N-Acetyl Cysteine for Depressive Symptoms in Bipolar Disorder—A Double-Blind Randomized Placebo-Controlled Trial

The Mental Health Research Institute of Victoria, Victoria, Australia.
Biological psychiatry (Impact Factor: 10.26). 07/2008; 64(6):468-75. DOI: 10.1016/j.biopsych.2008.04.022
Source: PubMed


Treatment-resistant subthreshold depression is a major problem in bipolar disorder. Both depression and bipolar disorder are complicated by glutathione depletion. We hypothesized that treatment with N-acetyl cysteine (NAC), a safe, orally bioavailable precursor of glutathione, may improve the depressive component of bipolar disorder.
A randomized, double-blind, multicenter, placebo-controlled study of individuals (n = 75) with bipolar disorder in the maintenance phase treated with NAC (1 g twice daily) adjunctive to usual medication over 24 weeks, with a 4-week washout. The two primary outcomes were the Montgomery Asberg Depression Rating Scale (MADRS) and time to a mood episode. Secondary outcomes included the Bipolar Depression Rating Scale and 11 other ratings of clinical status, quality of life, and functioning.
NAC treatment caused a significant improvement on the MADRS (least squares mean difference [95% confidence interval]: -8.05 [-13.16, -2.95], p = .002) and most secondary scales at end point. Benefit was evident by 8 weeks on the Global Assessment of Functioning Scale and Social and Occupational Functioning Assessment Scale and at 20 weeks on the MADRS. Improvements were lost after washout. There was no effect of NAC on time to a mood episode (log-rank test: p = .968) and no significant between-group differences in adverse events. Effect sizes at end point were medium to high for improvements in MADRS and 9 of the 12 secondary readouts.
NAC appears a safe and effective augmentation strategy for depressive symptoms in bipolar disorder.


Available from: Olivia Dean
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    • "Following the interest raised by reports of the unique antidepressant pattern of sub-anesthetic doses of ketamine, much research has focused on glutamate modulators. Nacetylcysteine (NAC), a glutamate modulator devoid of the adverse effects common to most NMDA antagonists, have been reported to possess antidepressant-like effects in mice (Costa-Campos et al., 2013; Ferreira et al., 2008; Linck et al., 2012; Smaga et al., 2012) and in the depressive phase of bipolar patients (Berk et al., 2008). "
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    ABSTRACT: Circadian rhythm disturbances are among the risk factors for depression, but specific animal models are lacking. This study aimed to characterize the effects of acute rhythm disruption in mice and investigate the effects of imipramine and N-acetylcysteine (NAC) on rhythm disruption-induced changes. Mice were exposed to 12:12-hour followed by 10:10-hour light:dark cycles (LD); under the latter, mice were treated with saline, imipramine or NAC. Rhythms of rest/activity and temperature were assessed with actigraphs and iButtons, respectively. Hole-board and social preference tests were performed at the beginning of the experiment and again at the 8th 10:10 LD, when plasma corticosterone and IL-6 levels were also assessed. Actograms showed that the 10:10 LD schedule prevents the entrainment of temperature and activity rhythms for at least 13 cycles. Subsequent light regimen change activity and temperature amplitudes showed similar patterns of decline followed by recovery attempts. During the 10:10 LD schedule, activity and temperature amplitudes were significantly decreased (paired t test), an effect exacerbated by imipramine (ANOVA/SNK). The 10:10 LD schedule increased anxiety (paired t test), an effect prevented by NAC (30 mg/kg). This study identified mild but significant behavioral changes at specific time points after light regimen change. We suggest that if repeated overtime, these subtle changes may contribute to lasting behavioral disturbancess relevant to anxiety and mood disorders. Data suggest that imipramine may contribute to sustained rhythm disturbances, while NAC appears to prevent rhythm disruption-induced anxiety. Associations between sleep/circadian disturbances and the recurrence of depressive episodes underscore the relevance of potential drug-induced maintenance of disturbed rhythms.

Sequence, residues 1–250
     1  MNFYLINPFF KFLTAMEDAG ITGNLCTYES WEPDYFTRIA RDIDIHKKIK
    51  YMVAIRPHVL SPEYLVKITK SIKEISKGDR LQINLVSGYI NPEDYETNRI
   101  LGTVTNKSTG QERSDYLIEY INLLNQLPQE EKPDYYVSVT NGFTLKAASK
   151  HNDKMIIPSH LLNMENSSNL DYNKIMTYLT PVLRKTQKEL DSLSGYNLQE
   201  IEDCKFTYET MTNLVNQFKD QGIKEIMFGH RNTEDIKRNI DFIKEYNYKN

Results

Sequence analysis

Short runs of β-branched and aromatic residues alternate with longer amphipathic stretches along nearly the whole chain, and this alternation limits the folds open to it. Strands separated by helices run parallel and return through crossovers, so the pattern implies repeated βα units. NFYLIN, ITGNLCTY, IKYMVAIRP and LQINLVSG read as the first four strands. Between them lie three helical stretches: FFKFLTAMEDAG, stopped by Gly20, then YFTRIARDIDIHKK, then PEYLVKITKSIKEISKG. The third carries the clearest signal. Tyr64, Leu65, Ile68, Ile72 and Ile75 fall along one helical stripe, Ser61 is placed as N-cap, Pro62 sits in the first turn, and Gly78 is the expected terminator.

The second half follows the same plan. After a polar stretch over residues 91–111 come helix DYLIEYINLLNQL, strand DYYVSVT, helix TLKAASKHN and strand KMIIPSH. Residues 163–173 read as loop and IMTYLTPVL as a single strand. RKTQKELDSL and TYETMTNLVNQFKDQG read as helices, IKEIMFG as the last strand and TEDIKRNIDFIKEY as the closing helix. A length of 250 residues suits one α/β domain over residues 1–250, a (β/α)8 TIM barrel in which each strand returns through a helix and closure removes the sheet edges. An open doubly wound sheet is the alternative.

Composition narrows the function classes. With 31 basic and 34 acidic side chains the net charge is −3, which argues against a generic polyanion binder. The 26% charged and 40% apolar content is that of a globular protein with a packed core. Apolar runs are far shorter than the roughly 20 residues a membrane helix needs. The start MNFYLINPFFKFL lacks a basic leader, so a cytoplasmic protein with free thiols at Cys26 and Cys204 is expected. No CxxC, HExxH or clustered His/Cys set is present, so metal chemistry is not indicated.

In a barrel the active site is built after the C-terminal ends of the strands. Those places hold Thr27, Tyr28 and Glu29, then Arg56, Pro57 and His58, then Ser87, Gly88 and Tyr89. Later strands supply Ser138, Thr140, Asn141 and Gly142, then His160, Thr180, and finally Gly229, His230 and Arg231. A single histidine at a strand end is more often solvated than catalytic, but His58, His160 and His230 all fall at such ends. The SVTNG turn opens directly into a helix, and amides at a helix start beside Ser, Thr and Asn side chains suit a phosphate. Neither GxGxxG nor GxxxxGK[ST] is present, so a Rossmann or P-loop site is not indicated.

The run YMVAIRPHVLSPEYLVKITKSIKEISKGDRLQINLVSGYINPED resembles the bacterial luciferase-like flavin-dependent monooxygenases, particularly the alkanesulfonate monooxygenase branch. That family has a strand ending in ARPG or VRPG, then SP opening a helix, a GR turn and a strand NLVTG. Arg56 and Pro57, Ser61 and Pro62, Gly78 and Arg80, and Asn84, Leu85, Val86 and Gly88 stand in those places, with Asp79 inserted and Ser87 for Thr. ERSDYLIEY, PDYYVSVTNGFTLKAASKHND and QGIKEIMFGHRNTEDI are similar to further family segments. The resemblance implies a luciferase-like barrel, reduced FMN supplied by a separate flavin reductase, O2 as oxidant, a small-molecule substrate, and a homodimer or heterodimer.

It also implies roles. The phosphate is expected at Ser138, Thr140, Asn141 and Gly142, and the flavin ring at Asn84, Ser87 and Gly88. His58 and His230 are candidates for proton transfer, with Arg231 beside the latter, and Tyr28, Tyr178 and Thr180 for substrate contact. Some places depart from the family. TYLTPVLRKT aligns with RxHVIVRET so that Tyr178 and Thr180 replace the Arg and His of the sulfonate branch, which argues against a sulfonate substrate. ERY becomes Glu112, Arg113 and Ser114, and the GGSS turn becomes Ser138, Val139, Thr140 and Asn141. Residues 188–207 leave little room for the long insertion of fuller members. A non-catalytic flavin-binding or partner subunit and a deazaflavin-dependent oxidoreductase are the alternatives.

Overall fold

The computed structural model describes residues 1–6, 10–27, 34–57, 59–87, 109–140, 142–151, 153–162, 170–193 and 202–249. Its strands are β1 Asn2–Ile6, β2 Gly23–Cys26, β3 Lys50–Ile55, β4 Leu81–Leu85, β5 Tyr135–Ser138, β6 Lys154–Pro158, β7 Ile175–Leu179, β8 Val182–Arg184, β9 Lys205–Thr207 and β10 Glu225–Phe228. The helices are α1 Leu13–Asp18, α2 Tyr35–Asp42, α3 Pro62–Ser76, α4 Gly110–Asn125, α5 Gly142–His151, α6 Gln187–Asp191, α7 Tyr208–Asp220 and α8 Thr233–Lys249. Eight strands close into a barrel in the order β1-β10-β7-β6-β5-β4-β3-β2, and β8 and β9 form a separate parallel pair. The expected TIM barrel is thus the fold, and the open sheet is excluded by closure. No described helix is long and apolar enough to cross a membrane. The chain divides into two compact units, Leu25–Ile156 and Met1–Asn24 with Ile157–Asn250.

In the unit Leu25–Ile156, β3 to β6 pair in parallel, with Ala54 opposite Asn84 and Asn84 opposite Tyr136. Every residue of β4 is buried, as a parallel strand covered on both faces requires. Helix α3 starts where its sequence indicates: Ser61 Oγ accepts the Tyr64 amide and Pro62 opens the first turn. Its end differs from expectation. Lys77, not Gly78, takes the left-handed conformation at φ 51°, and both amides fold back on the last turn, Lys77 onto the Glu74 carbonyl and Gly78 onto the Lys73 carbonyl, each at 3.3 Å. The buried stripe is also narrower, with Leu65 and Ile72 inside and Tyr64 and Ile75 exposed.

Chronobiology International 10/2014; 32(2):1-8. DOI:10.3109/07420528.2014.965315 · 3.34 Impact Factor
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    • "It is worth mentioning that we did not find any human trials with CoQ10, N-acetylcysteine , or alpha-lipoic acid, for unipolar MDD. However, N-acetyl-cysteine has been examined as treatment for bipolar disorder and showed promising results (Berk et al. 2008). In all trials listed in Table 2 modulators were administered orally. "
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    • "Recently it was shown that NAC is well-tolerated agent in substance use disorders across several abused substances [17] [26] [27]. The preclinical behavioral studies [28] [29] showed antidepressant-like effects of NAC in rodents, while some clinical trials supported the usefulness of NAC to depressive patients [30] [31] [32]. Based on these studies, we verified the hypothesis that NAC administration also influences the effects of cocaine in animals with depression phenotype. "
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